The pursuit of cheaper, faster manufacturing has lead to an enormous shift in the economies of the ‘old’ Industrial nations. After losing basic manufacturing and support roles, the West is now haemorrhaging advanced development and design functions to the manufacturing companies of Asia; in many cases run by Taiwanese business owners. Most of the major technology brands now have significant development operations in the region, and their role will only develop further.
So, is Western design and innovation dead in the water?
The West (and Japan) have proven adept at innovating ‘platforms’. Technical platforms include HTML, GSM phone standards and television. ‘Cultural platforms’ are just as important, though; hip-hop, fixed-gear bikes, haute-couture fashion and social networking all started life in the West, and went on to stimulate globally influential industries around them; as evidenced on the streets of Taipei today.
Given the amount of technical expertise and knowledge on the ground in Taiwan, you would expect a similar amount of ‘platform’ innovation to be flourishing. For one reason or another, it isn’t. This innovation requires an empowered workforce, willingness to start small (rather than ramping-up to volume production), great marketing teams, access to sales channels, and amongst a multitude of other economic and cultural factors, the willingness to play – you ain’t going to invent the first MP3 player without first loving music, and you aren’t going to assemble the first mountain bike without ‘wasting’ a whole bunch of time with your friends in the hills.
But there is innovation here; just not in the ways we think about it. For example, the iPhone ‘platform’, while masterminded in California, was enabled by a dozens of Taiwanese technology vendors over many decades, and the gradual honing, optimisation and refinement of the component parts and assemblies was essential in its birth and development. It is this ‘incremental innovation’ competency that companies in the West are exporting to Asia.
Now, ‘Platform innovation’ and ‘incremental innovation’ are geographically decoupling, eliminating the ‘water-cooler’ conversations between marketeers, designers and engineers that so often lead to leaps of development.
The Last of the Machinists
Consider the ‘old guard’ design houses in America and Europe; IDEO, Frog, Seymour Powell and the rest. The senior leadership of these organisations likely gained tacit hardware knowledge in an economic environment built on manufacturing and engineering expertise; it’s even possible that their own parents worked in technical or factory roles. But what happens to innovative industries when the keepers of this tacit knowledge retire? For economies that pride themselves on ‘innovation’ and design services – the UK and USA included – I believe the consequences are severe.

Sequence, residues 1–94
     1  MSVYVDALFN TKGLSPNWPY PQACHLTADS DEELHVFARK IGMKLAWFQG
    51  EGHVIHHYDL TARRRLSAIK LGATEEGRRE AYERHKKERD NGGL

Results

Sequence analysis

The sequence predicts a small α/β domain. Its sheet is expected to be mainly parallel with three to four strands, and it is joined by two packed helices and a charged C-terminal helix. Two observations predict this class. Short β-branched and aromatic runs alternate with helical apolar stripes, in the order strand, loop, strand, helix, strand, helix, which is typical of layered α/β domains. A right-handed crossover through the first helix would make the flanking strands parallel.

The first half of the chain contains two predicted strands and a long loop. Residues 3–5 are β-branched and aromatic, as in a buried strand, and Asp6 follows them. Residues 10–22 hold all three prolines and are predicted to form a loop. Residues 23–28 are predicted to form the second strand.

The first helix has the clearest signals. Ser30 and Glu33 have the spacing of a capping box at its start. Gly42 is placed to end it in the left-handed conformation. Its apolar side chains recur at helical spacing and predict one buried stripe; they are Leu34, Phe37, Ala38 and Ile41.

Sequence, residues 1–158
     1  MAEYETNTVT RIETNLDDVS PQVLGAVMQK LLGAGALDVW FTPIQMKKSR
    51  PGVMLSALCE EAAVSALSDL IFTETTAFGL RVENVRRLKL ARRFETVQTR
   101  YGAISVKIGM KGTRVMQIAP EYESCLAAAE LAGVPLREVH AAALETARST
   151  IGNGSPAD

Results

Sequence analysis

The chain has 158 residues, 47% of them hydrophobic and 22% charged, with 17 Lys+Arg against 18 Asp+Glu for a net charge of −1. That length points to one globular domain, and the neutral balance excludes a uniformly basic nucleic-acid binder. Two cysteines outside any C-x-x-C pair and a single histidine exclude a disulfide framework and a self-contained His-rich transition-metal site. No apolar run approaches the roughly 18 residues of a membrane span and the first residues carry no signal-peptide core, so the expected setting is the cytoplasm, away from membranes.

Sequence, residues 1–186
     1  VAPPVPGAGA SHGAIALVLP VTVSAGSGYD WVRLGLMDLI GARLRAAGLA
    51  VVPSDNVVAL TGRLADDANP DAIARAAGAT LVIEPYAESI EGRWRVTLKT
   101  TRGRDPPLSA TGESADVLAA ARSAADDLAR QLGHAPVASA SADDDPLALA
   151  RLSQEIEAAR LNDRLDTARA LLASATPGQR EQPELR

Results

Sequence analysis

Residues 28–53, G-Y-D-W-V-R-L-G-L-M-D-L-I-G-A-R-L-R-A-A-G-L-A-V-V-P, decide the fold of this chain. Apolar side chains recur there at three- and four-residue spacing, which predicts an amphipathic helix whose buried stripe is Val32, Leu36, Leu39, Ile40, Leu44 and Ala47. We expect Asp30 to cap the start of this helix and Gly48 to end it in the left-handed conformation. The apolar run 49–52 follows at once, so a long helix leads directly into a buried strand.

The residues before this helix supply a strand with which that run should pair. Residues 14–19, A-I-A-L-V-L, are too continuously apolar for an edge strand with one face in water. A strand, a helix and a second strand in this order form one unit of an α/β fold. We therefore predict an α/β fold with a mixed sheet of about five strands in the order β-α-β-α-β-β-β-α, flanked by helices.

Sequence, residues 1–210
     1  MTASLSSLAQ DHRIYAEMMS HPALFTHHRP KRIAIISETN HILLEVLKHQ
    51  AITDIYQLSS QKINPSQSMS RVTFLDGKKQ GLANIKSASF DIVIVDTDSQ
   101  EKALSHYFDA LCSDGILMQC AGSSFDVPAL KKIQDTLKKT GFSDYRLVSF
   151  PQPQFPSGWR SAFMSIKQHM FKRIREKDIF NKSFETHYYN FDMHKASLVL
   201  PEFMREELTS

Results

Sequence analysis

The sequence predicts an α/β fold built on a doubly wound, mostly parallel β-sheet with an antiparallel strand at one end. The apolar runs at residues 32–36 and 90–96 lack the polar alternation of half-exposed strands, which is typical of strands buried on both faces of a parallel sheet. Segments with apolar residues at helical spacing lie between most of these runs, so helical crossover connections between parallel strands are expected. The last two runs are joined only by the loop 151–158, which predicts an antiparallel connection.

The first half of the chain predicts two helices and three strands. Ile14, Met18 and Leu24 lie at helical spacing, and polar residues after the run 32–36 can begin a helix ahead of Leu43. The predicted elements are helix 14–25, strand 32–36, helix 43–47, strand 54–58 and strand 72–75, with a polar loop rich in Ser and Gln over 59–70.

It’s part of the reason why, seven years ago, I decided to move to Taiwan.
Decoupling of ‘platform’ and ‘incremental’ innovation, difficulty in stimulating the ‘water-cooler effect’, and erosion of tacit knowledge, means many innovation-focused companies will struggle to do business in the way they used to.
Apple and a few others have been able to leverage a split innovation model; offloading the burden of innovating the countless component parts that individually might not contribute much to a product, but together form a synergetic whole; and retaining core competencies of layout, computer processors and mechanical aspects such as part tooling. By doing this, they are able to ride the wave of ‘incremental innovation’ provided by the immense volumes of an entire industry, push suppliers in a very targeted way, and make the platform leaps when they are ready. The result; a product like the iPad delievered to a pretty low cost for the consumer; and still a healthy margin.
But what about companies smaller than the Fortune 500 behemoths? For the UK at least, we need to become far more willing to invest time and effort in Asia, forge partnerships, work out what incremental improvements we can outsource, and what platforms to retain. The resultant development model is not the same as the one we learnt in university, and it is not the same as innovation process touted by the big innovation companies in the 90s. It’s a messier, more complex, interlinked model, spanning companies and international boundaries.
Western design and innovation is not dead, but it will need to become braver, more flexible and more cosmopolitan.